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Paris Marathon training: Week 10

January 11, 2010
My dashboard showing -3, which was actually comparatively warm!

This was actually nothing next to the previous day's -9C.

Sometimes common sense prevails. In this instance, assessing my chances of being able to squeeze in a satisfactory 30k run on Wednesday (as I had originally scheduled), meant I moved the long run to Sunday. This gave me the immediate benefit of running in daylight, and, it transpired, meant I could run at all since between Tuesday and Wednesday we had the worst snow since 1982 and temperatures in Oxfordshire dropping as low as -17°C.

Still, common sense and long-distance running are uneasy bedfellows. On Tuesday evening, despite great flakes of snow falling, roads becoming icy and general weather warnings being issues left, right and centre, the hardy few of the running club made it out for the weekly club run around Abingdon. We deviated from the originally scheduled 10.5k run because the snow seemed pretty relentless – and there was a consensus that while a short run in the dark might be fun, a long run might be a tad on the dangerous side.

The rest of the week was disrupted by snow as only a cold snap in Britain can be. Leaving Abingdon in any form of a vehicle became virtually impossible as the council attempted to pre-emptively preserve salt and grit by prioritising only the most major of roads. Normally, you’d expect the pristine snow to become muddy slush within 24 hours of falling, but the snowfall was so deep and the temperatures so cold it has resisted anything resembling a thaw until now. (Writing this on Sunday/Monday, the temperature has soared to 3°C and the ugly brown slush that heralds the departure of the snow is beginning to become evident.)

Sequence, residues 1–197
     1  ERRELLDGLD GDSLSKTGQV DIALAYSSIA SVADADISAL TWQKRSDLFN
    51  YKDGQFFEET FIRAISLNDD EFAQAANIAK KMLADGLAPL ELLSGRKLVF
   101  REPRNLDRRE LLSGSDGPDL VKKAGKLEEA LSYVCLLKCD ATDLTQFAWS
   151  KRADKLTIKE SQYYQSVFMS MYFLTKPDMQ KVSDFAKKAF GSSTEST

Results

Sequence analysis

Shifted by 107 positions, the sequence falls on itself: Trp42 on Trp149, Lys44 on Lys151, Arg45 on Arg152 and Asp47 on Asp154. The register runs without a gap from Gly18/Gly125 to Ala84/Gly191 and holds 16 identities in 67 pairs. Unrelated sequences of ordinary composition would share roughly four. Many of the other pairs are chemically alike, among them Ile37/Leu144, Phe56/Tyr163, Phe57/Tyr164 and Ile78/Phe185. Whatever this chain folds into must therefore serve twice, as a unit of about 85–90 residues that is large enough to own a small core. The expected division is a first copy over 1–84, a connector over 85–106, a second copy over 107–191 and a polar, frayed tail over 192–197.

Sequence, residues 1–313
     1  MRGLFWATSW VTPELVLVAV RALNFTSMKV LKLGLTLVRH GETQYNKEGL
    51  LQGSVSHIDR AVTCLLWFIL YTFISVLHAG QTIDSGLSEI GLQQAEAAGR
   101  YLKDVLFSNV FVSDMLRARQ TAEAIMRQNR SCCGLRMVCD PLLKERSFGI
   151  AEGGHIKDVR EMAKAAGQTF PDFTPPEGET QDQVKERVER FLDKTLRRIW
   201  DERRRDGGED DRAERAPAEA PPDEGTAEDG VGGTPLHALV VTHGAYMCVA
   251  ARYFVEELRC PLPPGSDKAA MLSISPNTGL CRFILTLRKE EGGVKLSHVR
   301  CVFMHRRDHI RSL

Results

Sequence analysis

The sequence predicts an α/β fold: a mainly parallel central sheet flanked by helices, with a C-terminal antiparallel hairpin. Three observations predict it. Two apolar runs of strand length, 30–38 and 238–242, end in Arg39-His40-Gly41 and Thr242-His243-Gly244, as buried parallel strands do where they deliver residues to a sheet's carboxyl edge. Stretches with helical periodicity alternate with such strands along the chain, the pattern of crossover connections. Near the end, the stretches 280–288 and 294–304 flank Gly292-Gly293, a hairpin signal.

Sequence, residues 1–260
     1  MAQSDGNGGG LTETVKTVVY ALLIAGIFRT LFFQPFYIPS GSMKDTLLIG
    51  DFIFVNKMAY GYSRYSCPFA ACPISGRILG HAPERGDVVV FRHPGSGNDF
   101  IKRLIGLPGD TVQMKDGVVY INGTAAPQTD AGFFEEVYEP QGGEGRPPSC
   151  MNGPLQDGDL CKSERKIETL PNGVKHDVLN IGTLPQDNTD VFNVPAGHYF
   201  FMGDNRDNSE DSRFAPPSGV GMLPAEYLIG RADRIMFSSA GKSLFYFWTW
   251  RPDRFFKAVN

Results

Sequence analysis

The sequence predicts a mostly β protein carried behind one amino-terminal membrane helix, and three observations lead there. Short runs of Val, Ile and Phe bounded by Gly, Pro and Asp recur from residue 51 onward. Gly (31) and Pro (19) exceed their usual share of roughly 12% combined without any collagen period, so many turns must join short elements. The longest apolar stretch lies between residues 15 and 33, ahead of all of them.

Despite using the gym for fair-weather running, I got impatient with the hamster-like exercise and went for a run outside on Saturday. It was crisp and cold, and a chance for me to try out some new Gore-Tex trail shoes. Gore-Tex works great, keeping the water firmly out. That is, until you tread in snow that goes over the rim of the shoe and the waterproof material keeps the water in… Aside from the run being slow due to the snow, I also found out firsthand just how difficult it is to spot black ice. Crossing a road, behind a car – as conspicuous as I could be in day-glow gear – I went flying in spectacular style. Nothing damaged other than my ego, I decided to pick my way across roads much more carefully.

Sunday: 30k @ 4:46 per km

Monday: Rest

Tuesday: 5k @ 7:45 per km (turns out running in a blizzard is necessarily slow)

Wednesday: Rest

Thursday: 10.5k @ 4:08 per km

Friday: 11.5k @ 4:11 per km

Saturday: 11.5k @ 5:23 (on snow and black ice)

If you’re wondering why I’m not tucked up inside, roasting chestnuts on an open log fire and (since I’ve got no place to go) letting it snow, letting it snow, letting it snow, it’s because I’m running the Paris Marathon on 11 April 2010 to raise money for The Stroke Association. It’s only 90 days away, and I’m hopeful that the not insignificant task of making round in one piece won’t be too arduous if I’m well prepared. Anyway, if you’re glad it’s me slipping around and braving the cold rather than you, please feel free to show your appreciation and help make a difference at

Rabbit hutch in the snow in January 2010

So far the rabbits have been singularly unimpressed with the snow.

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